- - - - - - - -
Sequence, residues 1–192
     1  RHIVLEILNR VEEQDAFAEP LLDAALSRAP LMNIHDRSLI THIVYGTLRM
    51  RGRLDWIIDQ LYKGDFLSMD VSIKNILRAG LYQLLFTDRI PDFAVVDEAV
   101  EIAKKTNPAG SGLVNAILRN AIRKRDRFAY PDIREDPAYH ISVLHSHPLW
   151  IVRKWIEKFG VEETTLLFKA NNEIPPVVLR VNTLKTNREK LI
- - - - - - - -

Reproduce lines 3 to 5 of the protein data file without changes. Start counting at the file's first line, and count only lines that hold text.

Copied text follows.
    51  RGRLDWIIDQ LYKGDFLSMD VSIKNILRAG LYQLLFTDRI PDFAVVDEAV
   101  EIAKKTNPAG SGLVNAILRN AIRKRDRFAY PDIREDPAYH ISVLHSHPLW
   151  IVRKWIEKFG VEETTLLFKA NNEIPPVVLR VNTLKTNREK LI